Patton Valley Pinot Noir Willamette Valley OregonWhile cocktails rule the order tills during lunch time, and tea is sipped with the Afternoon Tea service, the wine list begins to be flipped over dinner. German Rieslings, orange wines, Champagne but also American finds. The wines on the list are organised by their character so the customer can select by momentous cravings. In the mood for “mineral driven, lighter bodied reds”? We were so during the buzzing dinner service we sipped on the Estate Grown Patton Valley Vineyard Pinot Noir 2010 from Willamette Valley in Oregon. Sustainable farming practiced on this vineyard reminds of Burgundy, where the world’s best Pinots are still being made. Bright, clean fruit but a savoury earthy character flattered our taste buds. By the glass or even the welcome by half-glass wines the well selected breadth covers the right picks for the fiery and often sweet Asian cuisine. Reds such as the bright Beaujolais or a funky blend from Jura surprise you next to the food friendly array of sherries, that drink well with Vietnamese food.
Angelenos can anticipate the James Beard award-winning outlet opening this fall. If the chef’s sustainable, locally sourced ethos translates well into this Southern California megapolis, it will fare well with the LA farmers market frequenting crowds. I wish, it was located more West and not in the Downtown’s newly opened City Market South, but this is good for the local workforce. I will rather stroll to the San Francisco convenient spot.
One Ferry Building #3, SF, CA 94111
+1 415 861 8032
Open daily LUNCH: Mon-Sat: 11:00AM—2:30PM & Sun: 11:30AM—3:00PM

Song Tea & Ceramics: the perfect pot of tea in San Francisco

Song Tea & Ceramics looks like a tastefully decorated living room. Here you can visually enjoy the curves of the artisan ceramic bowls that are displayed around, read an inspiring book and sip on your favourite tea. Personal relationships, harmony and the holistic enjoyment of all things tea – from the hand-picked ceramics, the fragrant leafs to flower arrangements – these pillars drive the appeal of this San Francisco tea shop.
Contemporary interior design at Song Tea & Ceramics in San Francisco
This small batch Chinese and Taiwanese tea importing refuge on Sutter Street is set mid-hill in a popular residential suburb. An increasingly popular installation for creative design workshops, this laid back and inspiring neighbourhood suits the owner Peter Luong like the Yixing clay ware to express the best in the oolong tea.

Rejuvenating tea tasting experience

Its time halting aesthetics rooted in tradition, strike one in a technology-fuelled city that hums with an innovative, change and potential disruption promising spirit. But this is exactly what we, the busy and always connected contemporaries, want. The real conversation and flavours that the casual gong fu cha tea ceremony involves are emotionally as well as spiritually rewarding, but it requires time. The Chinese tea appreciation ritual is not as time consuming as the Japanese chanoyu, so set some tea time aside for your visit at Song Tea & Ceramics and savour the harmony between nature and human appreciation of the tea terroir.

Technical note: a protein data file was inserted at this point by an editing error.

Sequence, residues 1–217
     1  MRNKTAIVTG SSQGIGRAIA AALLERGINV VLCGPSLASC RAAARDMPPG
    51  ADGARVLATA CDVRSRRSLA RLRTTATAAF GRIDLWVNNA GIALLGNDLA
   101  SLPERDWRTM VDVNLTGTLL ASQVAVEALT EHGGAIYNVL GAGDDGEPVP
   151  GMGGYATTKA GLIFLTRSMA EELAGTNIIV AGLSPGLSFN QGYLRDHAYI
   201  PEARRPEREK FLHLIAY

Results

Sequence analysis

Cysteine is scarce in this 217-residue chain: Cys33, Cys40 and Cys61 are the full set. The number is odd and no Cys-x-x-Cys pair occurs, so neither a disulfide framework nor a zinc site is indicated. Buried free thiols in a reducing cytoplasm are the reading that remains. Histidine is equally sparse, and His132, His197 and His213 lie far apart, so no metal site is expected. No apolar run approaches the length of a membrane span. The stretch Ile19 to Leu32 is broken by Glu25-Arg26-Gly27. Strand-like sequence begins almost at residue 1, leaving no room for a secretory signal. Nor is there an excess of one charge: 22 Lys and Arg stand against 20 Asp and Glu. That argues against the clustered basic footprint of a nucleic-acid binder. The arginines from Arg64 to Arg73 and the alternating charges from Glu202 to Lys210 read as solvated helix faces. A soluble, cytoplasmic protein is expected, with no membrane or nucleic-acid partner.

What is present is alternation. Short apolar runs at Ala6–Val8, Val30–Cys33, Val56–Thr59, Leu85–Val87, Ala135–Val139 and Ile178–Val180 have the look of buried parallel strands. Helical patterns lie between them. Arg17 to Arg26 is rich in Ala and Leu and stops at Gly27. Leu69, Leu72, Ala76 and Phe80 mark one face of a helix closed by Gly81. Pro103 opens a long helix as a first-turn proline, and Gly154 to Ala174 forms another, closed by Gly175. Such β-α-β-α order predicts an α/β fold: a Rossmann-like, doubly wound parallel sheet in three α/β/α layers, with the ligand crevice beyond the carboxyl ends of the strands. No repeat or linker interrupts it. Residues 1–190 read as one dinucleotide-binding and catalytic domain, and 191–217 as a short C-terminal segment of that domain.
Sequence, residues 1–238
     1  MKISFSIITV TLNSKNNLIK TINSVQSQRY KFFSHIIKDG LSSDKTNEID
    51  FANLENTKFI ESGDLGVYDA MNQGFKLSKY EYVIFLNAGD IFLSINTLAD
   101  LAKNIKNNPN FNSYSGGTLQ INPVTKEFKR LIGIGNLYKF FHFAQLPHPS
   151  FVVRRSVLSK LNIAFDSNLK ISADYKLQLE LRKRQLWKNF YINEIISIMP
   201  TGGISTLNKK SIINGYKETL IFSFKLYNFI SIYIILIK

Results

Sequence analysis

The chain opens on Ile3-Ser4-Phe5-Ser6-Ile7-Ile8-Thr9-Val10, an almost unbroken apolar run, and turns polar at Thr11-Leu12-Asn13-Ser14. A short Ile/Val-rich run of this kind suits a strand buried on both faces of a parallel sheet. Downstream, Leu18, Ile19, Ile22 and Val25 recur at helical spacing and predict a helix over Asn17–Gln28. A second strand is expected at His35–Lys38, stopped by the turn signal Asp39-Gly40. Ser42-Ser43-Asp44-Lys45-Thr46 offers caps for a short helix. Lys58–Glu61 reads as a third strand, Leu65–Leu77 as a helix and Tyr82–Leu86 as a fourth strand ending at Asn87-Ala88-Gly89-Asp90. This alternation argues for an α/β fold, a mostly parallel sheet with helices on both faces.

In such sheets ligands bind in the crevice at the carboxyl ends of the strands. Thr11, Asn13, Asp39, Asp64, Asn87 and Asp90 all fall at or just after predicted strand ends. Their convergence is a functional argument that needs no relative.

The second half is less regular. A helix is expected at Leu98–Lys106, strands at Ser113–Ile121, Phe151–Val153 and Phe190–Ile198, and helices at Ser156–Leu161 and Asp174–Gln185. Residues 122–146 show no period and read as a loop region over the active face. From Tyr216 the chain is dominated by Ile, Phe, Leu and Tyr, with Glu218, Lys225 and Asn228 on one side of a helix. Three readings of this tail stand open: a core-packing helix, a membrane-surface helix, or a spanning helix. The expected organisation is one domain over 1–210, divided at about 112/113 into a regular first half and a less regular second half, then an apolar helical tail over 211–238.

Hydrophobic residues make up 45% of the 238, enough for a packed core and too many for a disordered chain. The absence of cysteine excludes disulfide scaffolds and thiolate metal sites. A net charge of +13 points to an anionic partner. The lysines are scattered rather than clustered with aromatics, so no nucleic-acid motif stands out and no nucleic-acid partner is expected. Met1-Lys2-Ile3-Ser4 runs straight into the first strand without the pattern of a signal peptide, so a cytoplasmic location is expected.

Tasting tea at tea shops is centuries old custom. Try before you buy. As you can see at most high quality tea shops in China, Hong Kong, Taiwan and on less frequent occasions in Japan, a tea table hosting customers to tea tasting is the norm. There is no fee for this tasting. You only pay for what you take with you out. Inside, you are treated as a guest. At Song Tea & Ceramics the pure beauty of the tea tasting table gives you as much pleasure as the distinct flavours of the teas themselves. The owner, who prepared the teas for us, was pleasantly elevated when he sat down offering us our preferred teas. We were swiftly tuned to the tea mood. As I mentioned before, reserving enough time is necessary when buying tea, and more so when this ritual is included in your tea purchasing experience. The staff is also very passionate about tea and when we tasted with the young lady on another occasion we enjoyed the experience as much as with Peter Luong, the founder of Song Tea & Ceramics.
tea design at Song Tea & Ceramics in San Francisco

Oolong: the perplexing blue-green tea

All the white, green, oolong, red and aged teas from China or Taiwan were personally selected by the tea shop’s owner Peter, who annually travels East. The Sino-focus is a confluence of historical and generational nuances. Peter comes from a family of immigrants that for decades ran a successful tea business in the bustling San Francisco’s China Town. His sister now runs the Red Blossom Tea Company on Grant Avenue in the old fashion, while the younger and more creative Peter introduced contemporary and holistic visual pleasure into his own business.
I was on the hunt for an interesting Taiwanese oolong. This semi-oxidised tea can be very deeply roasted and rather lightly oxidised (Oriental Beauty) in Taiwan. But also adhering to the ancient Chinese tradition some oolongs are darker, almost like black tea because of their high level of oxidation. During an hourlong sniffing, slurping and casually conversing with the lively yet mindful Mr Luong, my decision was made based purely on my own gustatory experience.
Buddha's hand oolong teaTaiwanese oolong tea
I can recommend the highly popular Buddha’s Hand Alishan grown in Taiwan at a 1000m altitude in a company of coffee plants and betel nut trees. The large dark brown leafs look like dried chipotle, and that is because of their high-oxidation and wrinkly appearance. Expect chocolate, malt and brown sugarcane, yet free of calories.
The smoky sweet Formosa Yancha is a small release that is destined to age well as its grower keeps most of his harvest to himself. As the wood and tangy chicory fragrances regress, the brew unveils into a clean, fresh and mineral finish.